By Marlena Norwood
Natural habitats are dwindling because of a growing human population and increasing consumer demands. The Amazon Rainforest has decreased by 20 percent in the last 40 years.
We have discussed some effects of habitat loss in prior weeks, like how deforestation affects the water balance between soil and the atmosphere and how fewer trees means less shade for tropical animals already experiencing increased heat from climate change. But what else is at stake with loss of habitat?
To explore the relationship between habitat loss and animal populations, let’s briefly review the basics of genetics.
Genes have alleles – different forms of the same gene (like different alleles for blonde versus brown hair). Every person has a paternal and a maternal allele for each gene. Some alleles are recessive and some dominant (the blonde allele is recessive while brown is dominant). With two recessive alleles, individuals express that allele – they are considered “homozygous recessive.” With one or no recessive allele, individuals instead express the dominant allele.
Disease alleles are often recessive – disease does not affect an individual if they only have one allele, but they can still pass the allele on to their offspring (these individuals are called carriers). In large populations, it’s not as common for an individual to be “homozygous” for the disease allele (meaning they receive it from both of their parents).
But when populations are small, inbreeding occurs. When relatives mate with each other, there are more homozygous recessive individuals. The fitness of the population decreases because those homozygous individuals often die off or cannot reproduce due to being affected by the disease.
What does this have to do with habitat loss?
When trees are cut down and habitats are destroyed, it geographically isolates populations, or just limits the numbers of individuals that can survive in the smaller area. The smaller the population, the more inbreeding occurs. The fitness of the population is reduced and the population dwindles.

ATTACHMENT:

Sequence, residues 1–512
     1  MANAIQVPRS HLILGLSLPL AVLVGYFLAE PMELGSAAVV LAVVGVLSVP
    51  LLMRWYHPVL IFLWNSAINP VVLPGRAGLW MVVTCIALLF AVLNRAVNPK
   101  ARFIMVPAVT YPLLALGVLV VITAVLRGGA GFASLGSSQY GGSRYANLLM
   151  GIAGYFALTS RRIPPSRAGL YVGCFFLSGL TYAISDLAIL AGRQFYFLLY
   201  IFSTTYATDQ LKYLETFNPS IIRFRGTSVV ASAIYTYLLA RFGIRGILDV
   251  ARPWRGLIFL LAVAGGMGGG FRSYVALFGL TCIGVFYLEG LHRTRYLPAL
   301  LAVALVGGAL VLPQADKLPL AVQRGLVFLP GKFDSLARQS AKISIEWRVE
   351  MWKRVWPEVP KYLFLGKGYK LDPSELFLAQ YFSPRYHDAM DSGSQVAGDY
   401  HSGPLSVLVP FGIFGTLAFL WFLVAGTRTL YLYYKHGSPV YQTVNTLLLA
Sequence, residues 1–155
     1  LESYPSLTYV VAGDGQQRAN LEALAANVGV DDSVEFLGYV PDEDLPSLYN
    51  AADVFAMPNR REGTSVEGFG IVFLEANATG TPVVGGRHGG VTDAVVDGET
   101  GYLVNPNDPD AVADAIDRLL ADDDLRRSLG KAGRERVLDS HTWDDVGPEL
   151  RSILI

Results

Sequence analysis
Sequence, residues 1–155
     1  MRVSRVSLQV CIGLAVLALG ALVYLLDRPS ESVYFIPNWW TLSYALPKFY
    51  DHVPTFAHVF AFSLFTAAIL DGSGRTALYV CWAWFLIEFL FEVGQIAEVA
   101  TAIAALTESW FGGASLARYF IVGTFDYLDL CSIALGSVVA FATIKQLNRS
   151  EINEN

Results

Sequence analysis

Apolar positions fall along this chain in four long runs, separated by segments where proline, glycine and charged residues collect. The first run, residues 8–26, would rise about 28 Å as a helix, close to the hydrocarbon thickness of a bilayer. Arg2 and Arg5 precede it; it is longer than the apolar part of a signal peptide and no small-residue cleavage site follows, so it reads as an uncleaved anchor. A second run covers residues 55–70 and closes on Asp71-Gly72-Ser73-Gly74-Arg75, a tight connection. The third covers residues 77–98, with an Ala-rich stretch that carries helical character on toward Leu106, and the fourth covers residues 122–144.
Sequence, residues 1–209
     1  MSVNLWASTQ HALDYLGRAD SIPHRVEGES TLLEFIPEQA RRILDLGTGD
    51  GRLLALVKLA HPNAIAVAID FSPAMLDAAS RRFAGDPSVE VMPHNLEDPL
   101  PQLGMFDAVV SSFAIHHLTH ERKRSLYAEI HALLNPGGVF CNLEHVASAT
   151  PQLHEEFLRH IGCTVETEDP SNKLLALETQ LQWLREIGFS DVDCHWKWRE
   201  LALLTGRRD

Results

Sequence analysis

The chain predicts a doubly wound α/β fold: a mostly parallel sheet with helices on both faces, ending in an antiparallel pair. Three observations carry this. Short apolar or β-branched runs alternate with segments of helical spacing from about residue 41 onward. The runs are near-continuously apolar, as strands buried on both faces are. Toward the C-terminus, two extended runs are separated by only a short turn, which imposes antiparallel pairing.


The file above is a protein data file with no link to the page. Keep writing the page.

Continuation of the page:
How can this be reversed?
In the case of the Amur Leopard, an endangered species we focused on a few weeks ago, the Russian government is considering introducing captive leopards into the wild population to reproduce. However, since the captive populations are not adapted to the wild environment, re-introduction could lower the fitness of the entire Amur Leopard species, causing the population to decline even more.
The Russian government is considering adapting the captive leopards to the wild before re-introducing them. With this, the leopards may be physically prepared, but not genetically prepared, as adaptations to new environments take many generations to manifest. The re-introduced leopards therefore still may lower the fitness of the population.
Another solution? Stop destroying habitats.
The least we can do is protect the current habitats of wildlife. In protecting both terrestrial and aquatic habitats, many wildlife conservation groups need your help:
- Donate to the general fund of the Wildlife Conservation Society
- Petition for a National Bison Day that would raise awareness surrounding Bison and their natural habitats (link)
- Read this Citizen Advocate Handbook from the Defenders of Wildlife that spells out the ways you can make your voice heard in policy-making surrounding wildlife conservation